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Friday, November 27, 2015
Sickle cell anemia is an inherited blood disorder that affects the hemoglobin molecule in red blood cells. Hemoglobin is the part of the red blood cells that carries oxygen from the lungs and delivers it to the rest of the body.
In sickle cell anemia, the hemoglobin molecule is abnormal such that under conditions of low oxygen levels, neighboring hemoglobin molecules tend to stick together in long rods in a process called polymerization.
Polymerization distorts the shape of the red blood cell changing it from the usual biconcave disk shape to an irregular sickled shape. These sickled red blood cells have a tendency to stick to the walls of blood vessels causing the clogging of blood vessels known as vaso-occlusion, which compromises the blood supply to organs and tissues. This leads to the classic pain crisis for which sickle cell anemia is most recognized as well as chronic organ damage and other complications.
Sickle cell anemia usually refers to homozygosity for sickle trait (2 sickle traits), while sickle cell disease is a broader term referring to any genetic disease that can lead to sickling. The most common cause of sickling is sickle cell anemia, but other sickling disorders such as sickle beta thalassemia and hemoglobin SC disease also exist as well as more rare sickle variants.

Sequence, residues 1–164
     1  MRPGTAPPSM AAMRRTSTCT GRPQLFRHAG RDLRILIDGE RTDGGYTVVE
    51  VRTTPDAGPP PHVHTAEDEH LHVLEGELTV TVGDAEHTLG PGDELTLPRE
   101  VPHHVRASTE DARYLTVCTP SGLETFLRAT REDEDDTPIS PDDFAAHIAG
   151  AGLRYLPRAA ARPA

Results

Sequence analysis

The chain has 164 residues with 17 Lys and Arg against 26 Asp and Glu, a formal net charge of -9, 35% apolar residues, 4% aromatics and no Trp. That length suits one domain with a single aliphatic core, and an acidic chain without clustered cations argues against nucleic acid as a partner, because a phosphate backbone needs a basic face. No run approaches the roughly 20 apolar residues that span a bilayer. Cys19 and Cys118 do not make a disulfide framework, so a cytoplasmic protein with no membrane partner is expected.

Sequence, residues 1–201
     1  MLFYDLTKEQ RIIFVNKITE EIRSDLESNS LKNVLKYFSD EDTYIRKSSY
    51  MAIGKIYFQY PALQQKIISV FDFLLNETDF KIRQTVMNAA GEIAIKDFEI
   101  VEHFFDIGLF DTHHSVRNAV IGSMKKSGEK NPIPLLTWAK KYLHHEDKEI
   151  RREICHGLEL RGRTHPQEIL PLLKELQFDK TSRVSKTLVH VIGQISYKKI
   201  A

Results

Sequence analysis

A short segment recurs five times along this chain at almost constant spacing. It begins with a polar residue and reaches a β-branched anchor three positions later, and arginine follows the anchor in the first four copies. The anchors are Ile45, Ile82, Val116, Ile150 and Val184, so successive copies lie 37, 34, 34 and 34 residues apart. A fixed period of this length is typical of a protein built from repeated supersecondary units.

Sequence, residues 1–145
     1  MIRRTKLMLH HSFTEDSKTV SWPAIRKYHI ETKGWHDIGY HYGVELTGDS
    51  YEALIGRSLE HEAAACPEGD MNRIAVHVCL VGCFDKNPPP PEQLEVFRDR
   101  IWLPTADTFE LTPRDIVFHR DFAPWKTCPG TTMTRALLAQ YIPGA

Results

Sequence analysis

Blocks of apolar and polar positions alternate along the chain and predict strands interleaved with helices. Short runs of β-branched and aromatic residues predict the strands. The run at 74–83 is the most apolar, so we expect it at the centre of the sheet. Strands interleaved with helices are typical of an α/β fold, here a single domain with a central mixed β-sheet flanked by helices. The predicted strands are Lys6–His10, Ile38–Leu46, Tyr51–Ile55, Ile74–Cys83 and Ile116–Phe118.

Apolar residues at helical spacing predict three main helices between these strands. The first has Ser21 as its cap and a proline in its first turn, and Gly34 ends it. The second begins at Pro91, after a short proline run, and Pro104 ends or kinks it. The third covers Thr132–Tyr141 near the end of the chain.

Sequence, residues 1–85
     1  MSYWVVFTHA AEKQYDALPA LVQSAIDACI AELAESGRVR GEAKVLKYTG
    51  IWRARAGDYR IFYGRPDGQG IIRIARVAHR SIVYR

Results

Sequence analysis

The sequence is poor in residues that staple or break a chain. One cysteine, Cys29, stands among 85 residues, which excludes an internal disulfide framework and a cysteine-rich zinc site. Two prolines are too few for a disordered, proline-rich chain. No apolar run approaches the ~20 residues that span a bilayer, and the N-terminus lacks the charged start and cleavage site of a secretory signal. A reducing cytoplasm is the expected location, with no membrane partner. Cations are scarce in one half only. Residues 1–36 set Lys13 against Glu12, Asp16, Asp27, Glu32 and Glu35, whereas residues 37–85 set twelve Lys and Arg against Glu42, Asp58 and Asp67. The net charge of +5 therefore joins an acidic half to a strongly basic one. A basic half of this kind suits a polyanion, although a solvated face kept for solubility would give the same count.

Sickle Cell disease is a disorder that is inherited from parents and is not contagious. The inheritance pattern is autosomal recessive, which means that an individual needs two defective genes in order to have the disease. Here is how the inheritance pattern works:
Sickle cell anemia affects millions of people worldwide. It is particularly common among people whose ancestors come from Africa, Mediterranean countries (such as Greece, Turkey, and Italy), the Arabian peninsula, India, and Spanish-speaking regions (South America, Central America, and parts of the Caribbean).
USA sickle cell anemia is the most common inherited blood disorder in the United States, affecting 70,000 to 80,000 Americans. The disease occurs in approximately 1 in 500 African American newborns and 1 in 1,000 to 1,400 Hispanic American births. About 2 million Americans, or 1 in 12 African Americans, carry the sickle cell allele.
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Last Reviewed: Jul 10, 2009
Eric H Kraut, MD
Professor of Hematology
College of Medicine
The Ohio State University
Anthony D Villella, MD
Formerly, Assistant Professor of Pediatrics
School of Medicine
Case Western Reserve University